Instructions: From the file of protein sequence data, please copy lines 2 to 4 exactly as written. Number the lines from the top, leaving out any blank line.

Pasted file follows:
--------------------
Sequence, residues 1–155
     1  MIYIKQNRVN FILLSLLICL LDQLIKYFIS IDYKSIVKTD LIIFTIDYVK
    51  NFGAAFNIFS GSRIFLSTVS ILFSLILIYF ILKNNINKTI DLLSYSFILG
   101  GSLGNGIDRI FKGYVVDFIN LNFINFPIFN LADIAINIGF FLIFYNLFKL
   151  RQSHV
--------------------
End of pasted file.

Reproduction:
     1  MIYIKQNRVN FILLSLLICL LDQLIKYFIS IDYKSIVKTD LIIFTIDYVK
    51  NFGAAFNIFS GSRIFLSTVS ILFSLILIYF ILKNNINKTI DLLSYSFILG
   101  GSLGNGIDRI FKGYVVDFIN LNFINFPIFN LADIAINIGF FLIFYNLFKL